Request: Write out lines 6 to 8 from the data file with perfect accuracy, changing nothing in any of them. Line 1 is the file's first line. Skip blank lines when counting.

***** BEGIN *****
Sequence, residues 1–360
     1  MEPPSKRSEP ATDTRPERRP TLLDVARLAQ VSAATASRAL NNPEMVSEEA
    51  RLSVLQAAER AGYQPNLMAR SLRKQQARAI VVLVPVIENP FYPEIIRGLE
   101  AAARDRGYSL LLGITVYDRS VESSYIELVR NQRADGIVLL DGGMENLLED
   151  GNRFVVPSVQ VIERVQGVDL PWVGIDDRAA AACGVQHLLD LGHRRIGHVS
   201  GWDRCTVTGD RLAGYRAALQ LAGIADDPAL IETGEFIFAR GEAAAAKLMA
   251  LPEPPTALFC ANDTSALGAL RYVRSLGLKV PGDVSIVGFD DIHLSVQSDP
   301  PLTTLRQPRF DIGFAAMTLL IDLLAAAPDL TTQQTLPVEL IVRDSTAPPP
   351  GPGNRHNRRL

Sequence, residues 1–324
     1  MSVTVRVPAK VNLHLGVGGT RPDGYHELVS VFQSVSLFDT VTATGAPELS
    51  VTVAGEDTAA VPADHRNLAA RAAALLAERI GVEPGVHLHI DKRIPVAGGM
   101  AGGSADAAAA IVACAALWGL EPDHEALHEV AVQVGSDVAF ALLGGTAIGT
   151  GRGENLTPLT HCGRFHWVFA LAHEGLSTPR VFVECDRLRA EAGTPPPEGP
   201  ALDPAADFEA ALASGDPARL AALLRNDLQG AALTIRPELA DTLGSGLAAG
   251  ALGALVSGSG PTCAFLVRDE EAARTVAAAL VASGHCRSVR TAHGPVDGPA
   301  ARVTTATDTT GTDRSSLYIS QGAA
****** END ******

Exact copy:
   201  GWDRCTVTGD RLAGYRAALQ LAGIADDPAL IETGEFIFAR GEAAAAKLMA
   251  LPEPPTALFC ANDTSALGAL RYVRSLGLKV PGDVSIVGFD DIHLSVQSDP
   301  PLTTLRQPRF DIGFAAMTLL IDLLAAAPDL TTQQTLPVEL IVRDSTAPPP